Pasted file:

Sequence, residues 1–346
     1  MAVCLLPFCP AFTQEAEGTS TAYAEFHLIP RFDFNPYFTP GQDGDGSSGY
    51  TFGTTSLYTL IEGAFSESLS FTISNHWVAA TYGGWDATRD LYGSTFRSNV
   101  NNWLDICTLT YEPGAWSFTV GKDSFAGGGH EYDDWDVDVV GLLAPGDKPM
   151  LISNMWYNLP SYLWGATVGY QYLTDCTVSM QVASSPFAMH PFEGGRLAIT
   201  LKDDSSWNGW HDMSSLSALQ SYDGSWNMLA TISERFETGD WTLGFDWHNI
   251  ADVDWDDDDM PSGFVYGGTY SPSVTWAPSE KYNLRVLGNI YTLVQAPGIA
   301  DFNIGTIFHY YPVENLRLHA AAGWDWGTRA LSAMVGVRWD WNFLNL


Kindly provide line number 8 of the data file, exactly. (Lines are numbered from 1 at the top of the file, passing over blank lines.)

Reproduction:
   301  DFNIGTIFHY YPVENLRLHA AAGWDWGTRA LSAMVGVRWD WNFLNL